JUMA decided to carry out research on the performance of the student in his school using few students who represent others

(a) how is the process used by juma to select the representative called

(b)briefly describe the process named in (a)

(c) explain two main types of the process named in (a)

(c)mention 4 categories of one type of process explained in (c)


(a) The process used by Juma to select the representative students is called sampling.

(b) Sampling is the process of selecting a subset of individuals or elements from a larger population to represent that population. In this case, Juma is selecting a few students to represent the entire student population in the research on performance. The selected students should be representative of the characteristics and diversity present in the larger population.

(c) The two main types of sampling processes are:

  1. Probability sampling: Probability sampling involves selecting individuals from a population in a random and unbiased manner, giving each member of the population an equal chance of being selected. This type of sampling ensures that the sample is representative of the population. Examples of probability sampling techniques include simple random sampling, stratified sampling, cluster sampling, and systematic sampling.
  2. Non-probability sampling: Non-probability sampling involves selecting individuals from a population in a non-random manner. This type of sampling does not provide an equal chance of selection for all individuals. Non-probability sampling is often used when it is challenging to obtain a random sample or when specific characteristics of the population need to be emphasized. Examples of non-probability sampling techniques include convenience sampling, purposive sampling, quota sampling, and snowball sampling.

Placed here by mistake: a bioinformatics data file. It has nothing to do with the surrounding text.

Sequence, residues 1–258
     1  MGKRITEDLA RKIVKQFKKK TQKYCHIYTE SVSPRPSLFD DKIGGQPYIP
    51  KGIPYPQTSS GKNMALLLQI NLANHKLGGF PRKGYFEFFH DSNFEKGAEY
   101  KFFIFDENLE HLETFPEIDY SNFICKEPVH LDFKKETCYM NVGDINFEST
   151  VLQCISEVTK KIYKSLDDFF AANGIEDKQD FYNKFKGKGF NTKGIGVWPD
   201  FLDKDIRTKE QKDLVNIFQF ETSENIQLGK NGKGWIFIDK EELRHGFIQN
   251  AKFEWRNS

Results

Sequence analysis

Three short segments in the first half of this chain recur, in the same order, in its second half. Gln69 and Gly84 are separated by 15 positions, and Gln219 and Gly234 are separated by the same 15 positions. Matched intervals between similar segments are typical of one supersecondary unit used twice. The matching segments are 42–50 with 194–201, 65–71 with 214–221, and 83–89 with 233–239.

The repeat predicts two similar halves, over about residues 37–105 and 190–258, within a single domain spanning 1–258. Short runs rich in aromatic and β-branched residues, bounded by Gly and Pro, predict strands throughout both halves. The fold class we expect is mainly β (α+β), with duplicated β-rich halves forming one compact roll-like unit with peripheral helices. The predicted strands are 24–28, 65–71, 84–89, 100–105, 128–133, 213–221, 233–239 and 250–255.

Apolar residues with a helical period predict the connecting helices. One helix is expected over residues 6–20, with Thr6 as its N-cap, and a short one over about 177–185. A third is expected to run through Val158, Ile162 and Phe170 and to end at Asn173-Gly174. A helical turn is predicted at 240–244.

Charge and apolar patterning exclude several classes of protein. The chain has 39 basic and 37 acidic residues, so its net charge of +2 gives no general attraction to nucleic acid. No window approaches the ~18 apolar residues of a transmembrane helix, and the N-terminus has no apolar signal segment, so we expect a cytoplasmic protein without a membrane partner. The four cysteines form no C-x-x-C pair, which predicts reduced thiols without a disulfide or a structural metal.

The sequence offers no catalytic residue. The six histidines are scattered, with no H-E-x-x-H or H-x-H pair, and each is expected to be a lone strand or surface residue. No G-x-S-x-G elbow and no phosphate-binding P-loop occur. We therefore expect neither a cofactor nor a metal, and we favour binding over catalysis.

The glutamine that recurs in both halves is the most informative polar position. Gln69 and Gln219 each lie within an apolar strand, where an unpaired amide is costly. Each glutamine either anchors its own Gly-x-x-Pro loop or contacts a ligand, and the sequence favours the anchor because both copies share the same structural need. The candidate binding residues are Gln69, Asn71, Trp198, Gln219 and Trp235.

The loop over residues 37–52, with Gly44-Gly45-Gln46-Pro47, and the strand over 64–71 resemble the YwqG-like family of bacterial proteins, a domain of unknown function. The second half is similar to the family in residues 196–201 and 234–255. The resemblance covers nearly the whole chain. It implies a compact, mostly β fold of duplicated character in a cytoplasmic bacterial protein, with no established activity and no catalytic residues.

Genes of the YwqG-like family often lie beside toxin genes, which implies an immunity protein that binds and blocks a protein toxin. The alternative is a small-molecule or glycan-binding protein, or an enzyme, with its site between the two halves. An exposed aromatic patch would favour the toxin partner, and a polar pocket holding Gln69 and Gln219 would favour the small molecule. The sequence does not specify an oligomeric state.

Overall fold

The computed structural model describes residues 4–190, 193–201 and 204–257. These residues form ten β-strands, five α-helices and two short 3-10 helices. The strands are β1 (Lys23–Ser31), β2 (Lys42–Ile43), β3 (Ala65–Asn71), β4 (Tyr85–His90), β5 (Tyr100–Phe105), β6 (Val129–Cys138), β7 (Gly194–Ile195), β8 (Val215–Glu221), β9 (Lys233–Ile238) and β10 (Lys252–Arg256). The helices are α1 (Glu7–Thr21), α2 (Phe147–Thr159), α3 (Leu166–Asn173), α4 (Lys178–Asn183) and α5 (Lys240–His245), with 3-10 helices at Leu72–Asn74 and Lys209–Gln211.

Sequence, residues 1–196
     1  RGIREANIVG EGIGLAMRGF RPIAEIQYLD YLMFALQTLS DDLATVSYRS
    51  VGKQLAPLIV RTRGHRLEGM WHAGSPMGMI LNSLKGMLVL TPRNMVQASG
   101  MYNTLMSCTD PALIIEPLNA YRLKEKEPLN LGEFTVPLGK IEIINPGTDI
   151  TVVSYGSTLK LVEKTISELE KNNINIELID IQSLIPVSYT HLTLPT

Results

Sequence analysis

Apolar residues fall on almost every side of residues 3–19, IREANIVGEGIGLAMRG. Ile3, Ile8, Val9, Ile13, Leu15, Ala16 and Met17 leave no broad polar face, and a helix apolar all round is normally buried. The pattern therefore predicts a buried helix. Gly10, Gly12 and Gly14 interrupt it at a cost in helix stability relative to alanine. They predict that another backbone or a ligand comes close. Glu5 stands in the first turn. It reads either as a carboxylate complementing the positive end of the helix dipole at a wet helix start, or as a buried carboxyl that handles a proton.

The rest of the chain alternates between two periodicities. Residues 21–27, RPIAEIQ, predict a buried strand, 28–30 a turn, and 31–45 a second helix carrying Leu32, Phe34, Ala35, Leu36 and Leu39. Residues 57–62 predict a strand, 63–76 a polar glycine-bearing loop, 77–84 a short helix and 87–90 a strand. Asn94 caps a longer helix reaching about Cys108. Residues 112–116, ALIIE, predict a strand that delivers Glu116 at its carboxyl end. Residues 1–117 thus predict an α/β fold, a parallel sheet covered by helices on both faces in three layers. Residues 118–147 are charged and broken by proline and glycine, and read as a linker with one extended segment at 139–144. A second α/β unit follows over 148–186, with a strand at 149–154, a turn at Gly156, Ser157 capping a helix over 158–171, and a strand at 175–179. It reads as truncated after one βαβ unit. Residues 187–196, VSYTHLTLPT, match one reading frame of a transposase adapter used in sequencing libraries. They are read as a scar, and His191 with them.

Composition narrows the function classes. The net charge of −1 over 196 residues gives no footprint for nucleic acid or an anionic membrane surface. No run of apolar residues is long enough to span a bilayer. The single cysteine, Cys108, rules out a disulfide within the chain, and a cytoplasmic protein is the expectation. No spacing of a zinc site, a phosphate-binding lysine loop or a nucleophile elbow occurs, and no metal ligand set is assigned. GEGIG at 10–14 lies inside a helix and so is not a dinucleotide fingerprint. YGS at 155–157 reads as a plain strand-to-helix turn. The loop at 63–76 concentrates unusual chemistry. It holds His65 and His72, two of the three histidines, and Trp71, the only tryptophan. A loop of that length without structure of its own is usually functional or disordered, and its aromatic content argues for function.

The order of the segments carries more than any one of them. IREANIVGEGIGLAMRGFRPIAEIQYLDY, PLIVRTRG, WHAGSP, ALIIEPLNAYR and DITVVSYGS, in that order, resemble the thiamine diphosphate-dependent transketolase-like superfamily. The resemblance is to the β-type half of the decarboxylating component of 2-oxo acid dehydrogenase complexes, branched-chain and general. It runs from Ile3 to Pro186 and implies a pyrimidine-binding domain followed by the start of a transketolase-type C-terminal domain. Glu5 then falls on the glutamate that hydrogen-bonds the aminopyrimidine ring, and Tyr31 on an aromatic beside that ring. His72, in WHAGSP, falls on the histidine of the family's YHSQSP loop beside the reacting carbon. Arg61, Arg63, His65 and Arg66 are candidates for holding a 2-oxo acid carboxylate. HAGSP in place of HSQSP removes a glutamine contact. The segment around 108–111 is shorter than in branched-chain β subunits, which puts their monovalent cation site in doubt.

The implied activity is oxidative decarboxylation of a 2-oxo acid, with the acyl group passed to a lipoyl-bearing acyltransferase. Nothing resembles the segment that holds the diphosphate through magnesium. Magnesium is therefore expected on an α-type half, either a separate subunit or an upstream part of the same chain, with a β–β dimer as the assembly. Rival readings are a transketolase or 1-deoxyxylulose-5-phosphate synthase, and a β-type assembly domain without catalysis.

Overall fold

(d) Categories of non-probability sampling explained in (c):

  1. Convenience sampling: This involves selecting individuals who are readily available and easily accessible to the researcher. It is a convenient and practical approach, but it may introduce bias as the sample may not represent the entire population.
  2. Purposive sampling: In this method, the researcher selects individuals who possess specific characteristics or expertise relevant to the research topic. The sample is chosen intentionally to gain insights from knowledgeable or experienced individuals.
  3. Quota sampling: Quota sampling involves selecting individuals based on specific quotas or predetermined criteria, such as age, gender, or educational background. The researcher ensures that the sample reflects the proportions of these criteria in the population.
  4. Snowball sampling: Snowball sampling is a method where initial participants are selected, and then they help in identifying and recruiting additional participants. This technique is useful when the target population is difficult to reach, and existing participants can assist in accessing others who meet the research criteria.

It’s important to note that while non-probability sampling techniques can be valuable in certain research contexts, they may introduce biases and limitations compared to probability sampling methods that provide a more representative sample.


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